“A neighborhood is physical as well as people,” Feathers says. “You need to have a safe neighborhood in order to have a strong community. What COPC has given me are the new skills to help build a neighborhood.” Her mapping work at OPDC led to her position at the community council, which serves as a planning agency for the neighborhood and intervenes on behalf of residents with local officials and agencies.

Helping Pittsburgh-area nonprofits on quality-of-life issues is nothing new for students and faculty at Pitt, says Soska, principal investigator for the University’s welfare-to-work initiative and a community-organizing training program. But there was little coordination of Pitt’s efforts; many were done on an individual basis. As students or faculty moved to new projects, community-University connections were lost.

Worse yet, critics often dismiss university efforts at urban planning as nothing more than products of “ivory towers”—where people are treated like guinea pigs. One steelworker, quoted by William Serrin in his 1992 book, Homestead: The Glory and Tragedy of an American Steel Town, talked with scorn about the sociologists who flooded the town as the mill there closed. There were more graduate students than steelworkers in the local bars, he said.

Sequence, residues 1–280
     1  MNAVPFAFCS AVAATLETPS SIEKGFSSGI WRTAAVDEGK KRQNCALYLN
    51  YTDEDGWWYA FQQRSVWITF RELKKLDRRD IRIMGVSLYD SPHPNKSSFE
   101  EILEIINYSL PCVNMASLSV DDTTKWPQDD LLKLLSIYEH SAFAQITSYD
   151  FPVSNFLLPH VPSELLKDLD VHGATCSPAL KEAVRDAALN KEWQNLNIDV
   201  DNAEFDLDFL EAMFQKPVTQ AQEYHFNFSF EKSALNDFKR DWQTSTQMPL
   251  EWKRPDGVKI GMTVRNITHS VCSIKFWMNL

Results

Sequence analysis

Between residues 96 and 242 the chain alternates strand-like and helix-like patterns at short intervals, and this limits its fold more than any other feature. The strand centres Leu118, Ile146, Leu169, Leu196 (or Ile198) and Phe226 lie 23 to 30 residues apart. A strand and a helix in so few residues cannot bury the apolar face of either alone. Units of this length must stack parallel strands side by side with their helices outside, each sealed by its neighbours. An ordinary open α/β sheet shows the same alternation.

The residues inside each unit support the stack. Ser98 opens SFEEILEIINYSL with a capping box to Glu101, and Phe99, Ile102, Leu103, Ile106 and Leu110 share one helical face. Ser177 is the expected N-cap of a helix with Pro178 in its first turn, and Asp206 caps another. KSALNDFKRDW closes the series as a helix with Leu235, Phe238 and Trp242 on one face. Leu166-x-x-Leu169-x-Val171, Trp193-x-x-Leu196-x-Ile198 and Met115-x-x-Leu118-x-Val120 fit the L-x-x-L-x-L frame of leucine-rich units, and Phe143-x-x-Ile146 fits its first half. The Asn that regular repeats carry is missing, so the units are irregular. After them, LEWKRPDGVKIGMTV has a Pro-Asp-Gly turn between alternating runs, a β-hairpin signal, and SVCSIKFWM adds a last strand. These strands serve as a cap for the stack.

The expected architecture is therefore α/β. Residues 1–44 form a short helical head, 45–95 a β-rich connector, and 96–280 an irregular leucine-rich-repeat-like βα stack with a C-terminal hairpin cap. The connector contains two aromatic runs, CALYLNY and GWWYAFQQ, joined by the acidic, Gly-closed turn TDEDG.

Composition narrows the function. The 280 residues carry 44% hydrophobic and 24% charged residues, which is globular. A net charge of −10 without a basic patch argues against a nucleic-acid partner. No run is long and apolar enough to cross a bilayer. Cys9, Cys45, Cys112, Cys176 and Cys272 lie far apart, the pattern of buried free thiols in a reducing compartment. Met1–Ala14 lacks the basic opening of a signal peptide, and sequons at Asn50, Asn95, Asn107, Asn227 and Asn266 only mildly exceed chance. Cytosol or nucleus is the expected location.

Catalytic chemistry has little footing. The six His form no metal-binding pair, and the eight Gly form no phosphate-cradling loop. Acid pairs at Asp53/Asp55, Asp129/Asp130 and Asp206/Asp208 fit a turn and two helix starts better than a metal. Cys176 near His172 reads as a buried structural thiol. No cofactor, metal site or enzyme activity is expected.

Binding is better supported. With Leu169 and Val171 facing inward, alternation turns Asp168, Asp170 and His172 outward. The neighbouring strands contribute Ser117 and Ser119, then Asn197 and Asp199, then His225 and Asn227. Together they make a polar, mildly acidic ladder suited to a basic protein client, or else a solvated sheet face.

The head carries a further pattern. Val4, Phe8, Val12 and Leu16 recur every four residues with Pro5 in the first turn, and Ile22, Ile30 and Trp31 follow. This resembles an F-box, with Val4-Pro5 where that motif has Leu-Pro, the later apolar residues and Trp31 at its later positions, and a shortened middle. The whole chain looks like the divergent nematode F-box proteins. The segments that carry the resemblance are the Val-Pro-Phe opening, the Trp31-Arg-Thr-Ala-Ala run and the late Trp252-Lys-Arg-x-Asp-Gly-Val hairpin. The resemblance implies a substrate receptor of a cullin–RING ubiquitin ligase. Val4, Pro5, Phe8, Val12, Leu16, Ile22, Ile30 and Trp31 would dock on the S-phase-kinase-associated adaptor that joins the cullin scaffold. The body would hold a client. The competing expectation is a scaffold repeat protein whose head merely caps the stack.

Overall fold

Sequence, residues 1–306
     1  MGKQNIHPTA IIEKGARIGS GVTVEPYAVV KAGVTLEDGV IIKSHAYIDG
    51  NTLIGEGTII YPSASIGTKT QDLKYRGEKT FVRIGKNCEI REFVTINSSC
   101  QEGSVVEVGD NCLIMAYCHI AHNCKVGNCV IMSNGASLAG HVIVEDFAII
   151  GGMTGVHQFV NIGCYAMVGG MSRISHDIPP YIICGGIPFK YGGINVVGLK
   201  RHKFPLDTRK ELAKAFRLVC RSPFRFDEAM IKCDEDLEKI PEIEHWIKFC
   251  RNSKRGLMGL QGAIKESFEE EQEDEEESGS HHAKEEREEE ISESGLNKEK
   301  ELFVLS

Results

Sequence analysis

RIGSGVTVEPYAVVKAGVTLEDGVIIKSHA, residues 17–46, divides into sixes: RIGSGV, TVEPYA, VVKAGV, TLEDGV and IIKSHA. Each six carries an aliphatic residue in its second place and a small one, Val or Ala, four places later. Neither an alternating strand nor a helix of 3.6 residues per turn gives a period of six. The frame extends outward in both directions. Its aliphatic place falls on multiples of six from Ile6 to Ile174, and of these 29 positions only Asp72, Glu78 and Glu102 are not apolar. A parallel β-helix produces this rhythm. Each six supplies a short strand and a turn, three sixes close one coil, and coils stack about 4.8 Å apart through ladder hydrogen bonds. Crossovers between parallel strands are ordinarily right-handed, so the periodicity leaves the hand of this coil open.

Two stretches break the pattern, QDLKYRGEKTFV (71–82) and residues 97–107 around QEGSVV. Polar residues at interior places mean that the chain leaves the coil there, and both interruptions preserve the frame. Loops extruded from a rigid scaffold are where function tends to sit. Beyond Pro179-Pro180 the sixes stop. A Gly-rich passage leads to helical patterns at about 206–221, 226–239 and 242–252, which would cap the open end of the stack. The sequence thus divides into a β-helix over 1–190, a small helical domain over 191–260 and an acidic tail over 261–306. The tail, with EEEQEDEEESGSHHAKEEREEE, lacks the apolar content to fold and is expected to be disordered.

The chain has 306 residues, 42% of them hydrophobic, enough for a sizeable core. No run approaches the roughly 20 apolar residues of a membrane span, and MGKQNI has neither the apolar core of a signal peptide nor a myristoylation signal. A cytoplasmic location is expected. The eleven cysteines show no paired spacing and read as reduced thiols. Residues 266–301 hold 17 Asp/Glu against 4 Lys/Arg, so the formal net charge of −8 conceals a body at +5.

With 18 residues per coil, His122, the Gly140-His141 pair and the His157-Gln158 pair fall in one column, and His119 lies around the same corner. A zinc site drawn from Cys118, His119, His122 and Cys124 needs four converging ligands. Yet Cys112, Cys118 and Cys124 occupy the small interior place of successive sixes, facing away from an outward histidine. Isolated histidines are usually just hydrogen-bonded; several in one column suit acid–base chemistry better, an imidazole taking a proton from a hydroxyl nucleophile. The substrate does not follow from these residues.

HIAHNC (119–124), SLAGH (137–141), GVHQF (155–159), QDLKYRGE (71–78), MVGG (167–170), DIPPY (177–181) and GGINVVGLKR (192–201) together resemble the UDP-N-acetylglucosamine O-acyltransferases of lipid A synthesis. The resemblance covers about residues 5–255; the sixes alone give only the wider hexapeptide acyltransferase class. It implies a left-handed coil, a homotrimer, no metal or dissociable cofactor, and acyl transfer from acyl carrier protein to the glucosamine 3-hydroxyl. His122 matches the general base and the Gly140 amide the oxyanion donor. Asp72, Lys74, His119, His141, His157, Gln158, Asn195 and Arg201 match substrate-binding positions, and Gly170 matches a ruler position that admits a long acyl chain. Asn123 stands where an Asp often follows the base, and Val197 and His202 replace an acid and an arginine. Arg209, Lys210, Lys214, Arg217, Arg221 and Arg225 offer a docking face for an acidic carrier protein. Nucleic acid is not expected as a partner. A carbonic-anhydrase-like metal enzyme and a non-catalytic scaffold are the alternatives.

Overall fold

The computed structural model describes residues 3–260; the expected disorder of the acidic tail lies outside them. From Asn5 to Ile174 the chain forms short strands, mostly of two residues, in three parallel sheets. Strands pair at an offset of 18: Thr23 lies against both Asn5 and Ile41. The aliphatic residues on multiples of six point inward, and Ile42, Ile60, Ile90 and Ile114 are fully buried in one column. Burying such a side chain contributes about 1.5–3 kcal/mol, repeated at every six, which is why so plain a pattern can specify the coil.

Still, there are obviously resources in abundance at colleges and universities—talent, knowledge, and people willing to help. With that in mind, the US Department of Housing and Urban Development created a carrot-and-stick approach: In exchange for three-year grants of up to $400,000, schools would assist local groups with job training, economic development, mentoring, and technical assistance, through the so-called COPCs. The catch was that ideas had to be generated within neighborhoods, not universities.